Academy trusts team up to explore founding Institute of Advanced Teaching

Academy trusts team up to explore founding Institute of Advanced Teaching

Teaching schools and academy chain heavyweights are exploring a unique partnership to found a new higher-education institute that would train expert teachers to tackle the leadership crisis in challenging schools.

The collaboration comes as a new report, published today by the Institute for Public Policy Research (IPPR), a think tank, claims teachers working in disadvantaged areas need advanced training to ensure the most in-need pupils get the best education.

The report has issued a “call to arms” for schools to establish the Institute of Advanced Teaching – a school-led, independent social enterprise that would recruit high-potential, qualified teachers from challenging schools and skill them up with a master’s qualification.

Schools Week understands the eight schools, and their sponsors, that funded the IPPR’s report are now seriously considering collaborating to make the proposal a reality, from as early as next year.

They include Ark Schools and Oasis Community Learning, which between them run more than 80 schools.

The disclosure comes as the government launches a drive to improve leadership in the schools system and tackle underperformance in challenging schools.

matt hoodMatt Hood (pictured left), the report’s author and assistant headteacher at Heysham high school, in Lancashire, told Schools Week: “This is a call to the profession. It is our best chance of substantially improving outcomes for pupils.

“Low-quality schools have a poor environment for learning, but that’s where we need to develop learning the most. The gap we are trying to fill is the leadership requirement in educating teacher educators.”

The report, Beyond the Plateau, claims that – despite £1 billion being spent on teacher development each year – the performance of the average teacher with five years’ experience is similar to that of the average teacher with 15 years’ experience.

Hood says this is because schools buy poor quality training, and he believes the new institute would incentivise good teachers to stay in the classroom, rather than move on to management.

Lucy Heller (pictured right), chief executive of academy trust Ark, speaking at the Academies Summit last week, said: “The biggest problem for everyone – [is the] quality of teaching. The central focus of our work on school improvement [at Ark] is around developing teachers.

“I’m happy to say next year we are looking at develop an Institute of Advanced Teaching, in partnership with other groups and schools, which takes work we’ve done in initial teacher training (ITT) and takes that further out. Beyond ITT, how do you look to ensure they [teachers] maintain that same pace of development?”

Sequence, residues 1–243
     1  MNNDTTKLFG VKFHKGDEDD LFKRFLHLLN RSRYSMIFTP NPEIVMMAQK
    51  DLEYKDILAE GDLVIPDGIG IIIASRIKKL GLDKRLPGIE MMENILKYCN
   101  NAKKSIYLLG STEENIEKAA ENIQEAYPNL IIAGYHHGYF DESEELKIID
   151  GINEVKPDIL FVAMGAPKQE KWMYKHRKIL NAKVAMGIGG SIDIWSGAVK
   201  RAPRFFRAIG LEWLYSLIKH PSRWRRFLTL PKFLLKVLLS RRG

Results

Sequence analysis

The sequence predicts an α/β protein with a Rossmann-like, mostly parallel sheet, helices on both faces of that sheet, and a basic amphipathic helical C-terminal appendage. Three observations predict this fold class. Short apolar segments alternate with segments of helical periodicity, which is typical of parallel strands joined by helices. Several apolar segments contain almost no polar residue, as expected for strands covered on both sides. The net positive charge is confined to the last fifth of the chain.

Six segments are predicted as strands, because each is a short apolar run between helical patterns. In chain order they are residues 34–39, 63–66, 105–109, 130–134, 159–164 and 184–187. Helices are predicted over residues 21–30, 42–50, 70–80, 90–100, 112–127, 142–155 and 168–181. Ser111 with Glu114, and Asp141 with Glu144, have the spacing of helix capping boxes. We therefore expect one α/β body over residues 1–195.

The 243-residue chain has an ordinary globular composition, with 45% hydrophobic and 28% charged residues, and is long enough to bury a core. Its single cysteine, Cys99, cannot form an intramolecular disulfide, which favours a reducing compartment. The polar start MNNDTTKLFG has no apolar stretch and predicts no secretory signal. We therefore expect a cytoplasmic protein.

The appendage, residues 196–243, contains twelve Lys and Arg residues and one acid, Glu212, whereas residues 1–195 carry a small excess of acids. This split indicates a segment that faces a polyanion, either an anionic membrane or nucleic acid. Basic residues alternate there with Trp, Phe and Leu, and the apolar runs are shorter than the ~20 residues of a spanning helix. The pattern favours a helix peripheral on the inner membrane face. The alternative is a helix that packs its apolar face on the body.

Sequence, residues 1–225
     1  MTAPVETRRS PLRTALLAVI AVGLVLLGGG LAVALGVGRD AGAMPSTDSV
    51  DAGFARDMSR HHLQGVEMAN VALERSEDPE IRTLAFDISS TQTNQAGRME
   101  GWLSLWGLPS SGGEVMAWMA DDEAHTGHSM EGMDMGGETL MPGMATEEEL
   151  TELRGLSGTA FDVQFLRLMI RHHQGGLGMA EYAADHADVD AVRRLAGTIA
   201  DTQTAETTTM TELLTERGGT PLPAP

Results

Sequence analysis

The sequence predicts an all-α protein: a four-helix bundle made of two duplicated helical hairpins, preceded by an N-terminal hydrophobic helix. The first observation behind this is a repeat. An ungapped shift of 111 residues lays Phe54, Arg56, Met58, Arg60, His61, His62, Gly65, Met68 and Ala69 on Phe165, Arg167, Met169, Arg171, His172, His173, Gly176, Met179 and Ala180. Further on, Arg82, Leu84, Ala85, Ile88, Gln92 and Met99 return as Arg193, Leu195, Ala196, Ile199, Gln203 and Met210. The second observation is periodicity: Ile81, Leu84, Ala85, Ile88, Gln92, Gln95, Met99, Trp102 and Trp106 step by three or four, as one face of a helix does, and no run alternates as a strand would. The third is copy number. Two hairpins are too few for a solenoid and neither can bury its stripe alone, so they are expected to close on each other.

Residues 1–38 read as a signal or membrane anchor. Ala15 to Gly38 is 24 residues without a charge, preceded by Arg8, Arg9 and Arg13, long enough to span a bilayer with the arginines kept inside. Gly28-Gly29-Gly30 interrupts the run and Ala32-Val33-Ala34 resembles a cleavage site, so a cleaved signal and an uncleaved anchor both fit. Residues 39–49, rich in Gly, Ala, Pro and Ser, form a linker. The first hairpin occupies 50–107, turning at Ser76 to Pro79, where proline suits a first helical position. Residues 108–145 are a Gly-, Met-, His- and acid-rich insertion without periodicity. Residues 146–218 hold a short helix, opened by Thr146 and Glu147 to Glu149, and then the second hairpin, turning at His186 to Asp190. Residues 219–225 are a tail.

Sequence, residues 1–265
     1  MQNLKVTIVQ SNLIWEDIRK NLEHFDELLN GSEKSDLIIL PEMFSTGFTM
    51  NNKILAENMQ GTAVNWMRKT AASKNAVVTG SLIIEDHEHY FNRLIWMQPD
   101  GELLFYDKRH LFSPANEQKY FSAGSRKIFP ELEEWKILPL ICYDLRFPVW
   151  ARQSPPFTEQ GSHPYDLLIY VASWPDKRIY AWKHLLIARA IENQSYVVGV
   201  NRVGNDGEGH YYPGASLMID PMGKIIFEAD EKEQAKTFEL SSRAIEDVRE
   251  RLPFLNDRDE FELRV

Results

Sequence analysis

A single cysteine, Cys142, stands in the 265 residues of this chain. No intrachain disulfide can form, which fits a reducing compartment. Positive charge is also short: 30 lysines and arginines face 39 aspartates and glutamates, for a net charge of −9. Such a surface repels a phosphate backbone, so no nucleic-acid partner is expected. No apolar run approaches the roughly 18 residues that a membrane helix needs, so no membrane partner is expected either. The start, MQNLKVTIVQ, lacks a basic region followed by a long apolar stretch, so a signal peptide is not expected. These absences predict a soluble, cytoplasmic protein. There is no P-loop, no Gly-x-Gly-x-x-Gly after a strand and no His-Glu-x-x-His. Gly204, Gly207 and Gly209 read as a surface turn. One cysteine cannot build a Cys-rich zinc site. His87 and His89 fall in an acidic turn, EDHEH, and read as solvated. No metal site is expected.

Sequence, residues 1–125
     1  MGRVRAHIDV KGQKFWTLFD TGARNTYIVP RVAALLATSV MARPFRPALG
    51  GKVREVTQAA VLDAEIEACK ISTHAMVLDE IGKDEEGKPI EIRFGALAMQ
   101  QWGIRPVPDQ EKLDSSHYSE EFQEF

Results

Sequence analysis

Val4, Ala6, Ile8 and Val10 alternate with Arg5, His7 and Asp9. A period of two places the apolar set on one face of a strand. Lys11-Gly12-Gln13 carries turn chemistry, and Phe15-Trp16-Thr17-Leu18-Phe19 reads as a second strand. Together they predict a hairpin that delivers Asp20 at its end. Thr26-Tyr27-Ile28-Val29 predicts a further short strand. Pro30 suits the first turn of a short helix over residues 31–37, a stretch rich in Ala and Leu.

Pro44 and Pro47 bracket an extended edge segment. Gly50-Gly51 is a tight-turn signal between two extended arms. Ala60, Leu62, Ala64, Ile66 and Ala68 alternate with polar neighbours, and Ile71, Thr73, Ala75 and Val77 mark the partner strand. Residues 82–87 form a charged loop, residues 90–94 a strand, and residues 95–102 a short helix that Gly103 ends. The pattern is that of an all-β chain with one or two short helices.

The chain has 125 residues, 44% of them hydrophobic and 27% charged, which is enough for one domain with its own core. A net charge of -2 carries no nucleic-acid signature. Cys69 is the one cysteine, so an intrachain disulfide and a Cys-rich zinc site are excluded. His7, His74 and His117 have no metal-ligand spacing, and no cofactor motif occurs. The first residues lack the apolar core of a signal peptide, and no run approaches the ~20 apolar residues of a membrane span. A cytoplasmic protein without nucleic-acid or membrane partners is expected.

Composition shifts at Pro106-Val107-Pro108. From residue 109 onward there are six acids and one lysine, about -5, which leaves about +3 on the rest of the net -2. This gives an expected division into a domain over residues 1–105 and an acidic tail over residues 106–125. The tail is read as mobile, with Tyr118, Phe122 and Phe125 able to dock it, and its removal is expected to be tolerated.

Ark sponsors one of the schools that has funded the report, King Solomon academy, in London. Other chains that have bought into the project include Oasis, through Oasis South Bank academy, and the Dixons trust, through Dixons Trinity academy.

Others include teaching schools Lampton, in Hounslow, Mossley Hollins high school, in Greater Manchester, and School 21, run by Peter Hyman, a former advisor to Tony Blair when he was prime minister.

Hood described the partnership as the largest-ever collaboration between multi-academy trusts on teacher development.

Sir Steve Lancashire, chief executive of the REAch2 academy trust, told MPs on the education select committee last week that there “has not been enough learning from successfull multi-academy trusts”.

“I think it is incumbent on use as a profession to support each other.”

A Department for Education spokesperson said: “We want high quality professional development to be the norm in all schools and we trust schools to make decisions about training that are right for their teachers, pupils and the school community.”

The department has published new standards for professional development, is helping found an independent College of Teaching and has funded the expansion of Teach First and the National Teaching Service, the spokesperson added.

Writing exclusively for Schools Week, Hood takes a closer look at the problem here.

How would the Institute of Advanced Teaching (IAT) work?

 

It would revolve around three main strands – recruiting high-potential, qualified teachers who work in challenging schools, develop them into expert teachers and build them into a “movement for change in education”.

It would offer a portable masters-level degree in advanced teaching and offer a progression route for the most expert teachers to join a “prestigious faculty of experts”.

The two-year, part-time course would take place across a network of “campuses”, co-located within group of founding schools, and in time, other partner schools.

The report read: “It’s essential that these campuses are dispersed around the country, and not solely concentrated in urban areas like London.”

The courses would be run by a faculty of the UK’s “most expert” practising classroom teachers, and specialists in particular areas of knowledge.

Schools would be compensated for time faculty members spend working for the IAT.

 

IAT three stage plan

The next stage

Hood is now working on outlining more details about the practical elements of the institution, including for the content and composition of the course, the design of the social enterprise and the costs involved.